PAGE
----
Shai Agassi is offering advice to automakers worried about the power of Tesla Motors: compete directly with fellow mega-OEMs, not with Tesla. Agassi, who founded the now-defunct Better Place, made a few interesting points on his LinkedIn page recently. Like the rest of the green car Internet, he noticed a wave of articles on General Motors doing some reconnaissance work lately on Tesla. A recent Fortune article, for example, focused on how Steve Girsky, GM's vice chairman and a former leading analyst on Wall Street, is leading GM's secret team to get a firm grasp on Tesla's potential to grab a larger share of the market, and not just luxury cars.

Auto executive, analysts and commentators are missing the point, Agassi says. Some of them think Tesla should open its doors to GM and other automakers - as it has done with Daimler and Toyota - to spread its powertrain technology to the mass market. This is wrong, Agassi wrote, because, "what works for Tesla will not work for GM, and most likely be value destructive for any mass-market incumbent."

Agassi made an analogy to a yachting race that major automakers are in now with Tesla. Automakers may think they need to sail along a similar course, but Tesla's catamaran has already surged ahead and is gaining tremendous speed. "If Captain Musk allows you to peek onto his boat and monitor his instruments you should also take advantage to learn the ocean currents and wind pattern he's mapping along the course," Agassi wrote. Agassi advises that automakers need to see things differently. Owners of the Model S are fascinated with that car and they love the experience of owning and driving it. Mass market automakers "should offer more of a car for less cost than comparable gasoline cars.... not the other way around," he wrote. It's not an impossible plan, since electric car prices will come down with the cost of their battery packs. Tesla CEO Elon Musk recently commented in an analyst call that he sees battery cost dropping under $200 per kilowatt hour soon versus the $500 per kWh that was typical five years ago when the Tesla Roadster was launched.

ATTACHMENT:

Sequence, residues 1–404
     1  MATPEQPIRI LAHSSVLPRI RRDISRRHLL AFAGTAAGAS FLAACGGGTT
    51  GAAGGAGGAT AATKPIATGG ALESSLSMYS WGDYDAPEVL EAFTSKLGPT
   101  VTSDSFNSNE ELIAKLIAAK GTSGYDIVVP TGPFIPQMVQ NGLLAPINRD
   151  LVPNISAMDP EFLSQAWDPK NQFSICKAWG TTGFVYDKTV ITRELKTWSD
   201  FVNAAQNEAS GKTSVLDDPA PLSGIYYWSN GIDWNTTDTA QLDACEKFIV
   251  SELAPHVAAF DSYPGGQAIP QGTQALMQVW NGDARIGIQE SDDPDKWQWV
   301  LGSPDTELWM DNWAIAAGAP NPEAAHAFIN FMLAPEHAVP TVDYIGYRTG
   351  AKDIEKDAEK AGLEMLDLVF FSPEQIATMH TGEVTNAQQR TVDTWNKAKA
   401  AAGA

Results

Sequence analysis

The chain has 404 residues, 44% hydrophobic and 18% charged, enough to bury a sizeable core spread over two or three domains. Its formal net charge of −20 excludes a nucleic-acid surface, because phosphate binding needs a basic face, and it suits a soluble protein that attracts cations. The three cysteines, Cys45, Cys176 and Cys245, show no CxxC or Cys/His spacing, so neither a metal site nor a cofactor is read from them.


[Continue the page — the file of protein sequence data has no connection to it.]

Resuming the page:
As far as the legal battle between Tesla and dealer groups, Agassi thinks automakers need to think about it differently. Launching a new brand for EVs and going the direct sales route would allow automakers to control the brand experience, and to benefit from lower per-unit cost of sales once the volume starts to pick up, he wrote. You can read the whole thing here.